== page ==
Digicel embraces data and OTT services for new promotion

Business editor

Sunday, February 11, 2018

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After about a year with little public marketing, Digicel has started a new campaign, with data taking the lead over talk time. The move represents a shift in Digicel's strategy, which previously tried to downplay the increasing popularity of Over the Top (OTT) applications such as WhatsApp, Viber and Skype.

“It's a big campaign,” said Justin Morin, Digicel Jamaica's new CEO in a one-on-one discussion with The Jamaica Observer on Friday at his waterfront office overlooking the Kingston harbour.

The campaign, which carries the tagline “Get nuff data, more talk”, gives customers new deals on both data and talk time, and demonstrates the switch that is taking place in the telecoms industry from primarily voice calls to accessing the internet.

“Applications are everything,” Morin said. “Everything is about video streaming.”

“We aren't just telecoms anymore,” Morin told Sunday Finance, noting that it's a worldwide change where ATT bought Direct TV and Time Warner and Verizon went after Yahoo.

“The business must evolve.”

The change in usage is being led by younger consumers, Morin noted. “Our youth are tech-savvy and are changing the ways our products are used.”

Part of that change is greater use of OTT applications to make calls via the internet. But while Digicel's new campaign promotes OTT to an extent, it is not the warmest of embraces.

“OTT applications are a threat to our business and don't contribute to governement taxes or infrastructure,” Morin noted. “But they certinly bring a new style to communication.

“It's widely used and you can't stop or prevent people from using apps they want,” he said.

The company will continue to be in dialogue with government on how to handle applications such as WhatsApp, Skype and Facebook, Morin said. “They are not contributing to government, and that is why you are seeing them being litigated in Europe and back taxes.”

The new campaign comes at a time when there had been little marketing by either Digicel or its major competitor FLOW, which was taken over from Cable and Wireless by Liberty last year. The last major campaign by Digicel was about a year ago, according to Elon Parkinson, head of public relations, with the one before that happening in 2016.

The campaign was launched on Wednesday and has already seen events in Lucea and Montego Bay, with others planned for several other large towns such as Mandeville, Junction in St Elizabeth, and May Pen in Clarendon.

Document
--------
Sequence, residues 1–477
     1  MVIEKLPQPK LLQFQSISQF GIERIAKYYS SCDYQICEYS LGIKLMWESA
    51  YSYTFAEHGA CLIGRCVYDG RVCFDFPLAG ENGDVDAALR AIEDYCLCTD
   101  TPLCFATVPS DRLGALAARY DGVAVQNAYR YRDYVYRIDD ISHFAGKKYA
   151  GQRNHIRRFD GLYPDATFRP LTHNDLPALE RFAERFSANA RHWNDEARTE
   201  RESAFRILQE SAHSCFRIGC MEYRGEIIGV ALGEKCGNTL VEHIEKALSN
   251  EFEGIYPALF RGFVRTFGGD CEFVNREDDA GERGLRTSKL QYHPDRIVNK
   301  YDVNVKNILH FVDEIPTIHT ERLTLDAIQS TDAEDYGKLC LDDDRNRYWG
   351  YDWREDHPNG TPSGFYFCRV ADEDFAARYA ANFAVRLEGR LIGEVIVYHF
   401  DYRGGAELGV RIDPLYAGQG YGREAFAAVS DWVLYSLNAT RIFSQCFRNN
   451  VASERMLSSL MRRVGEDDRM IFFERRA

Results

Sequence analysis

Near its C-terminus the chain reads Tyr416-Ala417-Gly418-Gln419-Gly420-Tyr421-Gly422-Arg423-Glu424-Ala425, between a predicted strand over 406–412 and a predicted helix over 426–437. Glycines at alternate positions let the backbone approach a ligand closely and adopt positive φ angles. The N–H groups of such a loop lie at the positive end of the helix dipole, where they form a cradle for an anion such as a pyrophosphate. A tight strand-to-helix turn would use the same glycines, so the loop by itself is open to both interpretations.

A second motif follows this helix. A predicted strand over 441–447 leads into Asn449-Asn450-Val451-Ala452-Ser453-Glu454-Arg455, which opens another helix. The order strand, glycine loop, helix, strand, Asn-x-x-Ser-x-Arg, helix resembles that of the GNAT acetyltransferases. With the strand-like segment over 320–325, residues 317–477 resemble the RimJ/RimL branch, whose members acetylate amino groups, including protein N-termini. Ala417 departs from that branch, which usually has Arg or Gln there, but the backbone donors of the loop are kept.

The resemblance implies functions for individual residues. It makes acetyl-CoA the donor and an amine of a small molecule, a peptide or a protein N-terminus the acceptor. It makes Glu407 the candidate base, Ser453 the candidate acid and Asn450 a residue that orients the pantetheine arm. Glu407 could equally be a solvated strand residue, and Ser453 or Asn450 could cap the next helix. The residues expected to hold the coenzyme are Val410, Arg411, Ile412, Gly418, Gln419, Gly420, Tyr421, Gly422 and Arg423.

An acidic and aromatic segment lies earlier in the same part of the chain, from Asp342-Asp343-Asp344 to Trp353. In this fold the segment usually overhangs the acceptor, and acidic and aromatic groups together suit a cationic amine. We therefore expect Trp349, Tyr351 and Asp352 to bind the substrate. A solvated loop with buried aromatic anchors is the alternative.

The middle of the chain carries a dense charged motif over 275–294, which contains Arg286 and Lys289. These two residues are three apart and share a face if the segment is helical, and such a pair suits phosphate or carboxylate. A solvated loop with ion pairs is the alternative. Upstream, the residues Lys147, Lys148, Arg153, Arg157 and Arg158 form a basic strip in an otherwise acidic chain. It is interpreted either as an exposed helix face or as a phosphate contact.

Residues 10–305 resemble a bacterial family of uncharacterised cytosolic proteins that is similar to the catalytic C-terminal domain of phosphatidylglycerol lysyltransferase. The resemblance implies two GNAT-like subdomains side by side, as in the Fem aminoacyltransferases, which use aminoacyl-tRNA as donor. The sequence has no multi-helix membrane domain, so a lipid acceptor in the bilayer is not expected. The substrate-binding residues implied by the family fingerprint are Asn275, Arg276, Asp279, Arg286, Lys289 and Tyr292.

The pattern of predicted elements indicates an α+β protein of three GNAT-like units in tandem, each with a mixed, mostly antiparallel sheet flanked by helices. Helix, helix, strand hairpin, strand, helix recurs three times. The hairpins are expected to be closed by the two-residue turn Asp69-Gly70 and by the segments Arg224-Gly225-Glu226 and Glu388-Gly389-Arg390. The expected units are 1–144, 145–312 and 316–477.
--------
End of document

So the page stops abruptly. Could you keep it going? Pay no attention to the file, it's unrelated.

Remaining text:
The aim of the campaign is to offer customers as much value as possible for as little as possible – offering a steep discount from previous prices. With a slogan of “get nuff data and more talk”, customers can now buy a $100 bundle which provides 100 minutes of talk time and 100 MB of data, or for younger people who rely more on data, another $100 off that provides 200 MBs of data.

“We want to keep people in a bundle,” Morin said.

Previously, customers couldn't buy $100 worth of data,and the most affordable deal was $175 for 100 MB, Morin noted.

But even better value is offered with the $500 plan, which gives 700 MB of data and 500 minutes of talk time to another Digicel phone for a period of 14 days.”That's the best value on the market”, said Morin.

Outside of promoting data, the company is also trying to increase smartphone usage, with deals on five phones, with two – an Azumi IRO4Q and a Logic X$M Lite – starting from less than $5000. The phones also come with the $500 package in place, including $500 of free talk time.

Developments in IT have brought improvments to Digicel's service, including areas like top-up. “To top up now takes three seconds – it's incredible,” Morin said.

Meanwhile, Morin is not overly concerned about the threat of artificial intelligence reducing the company's employment numbers. While technology has been taking some functions away from humans in the call centre, employees have been shifted to new roles to manage that technology – and more have been hired in the position of data doctors – advising customers on how to handle their data efficiently.

Artificial intelligence is not a threat to jobs, Morin says. “In our call centre we've expanded the number of ways you can reach an agent – web chat, app chat – that requires people to sit behind that, to manage that.”

“We are always employing people,”Morin said. “Our people are sought after and get taken away by others.”

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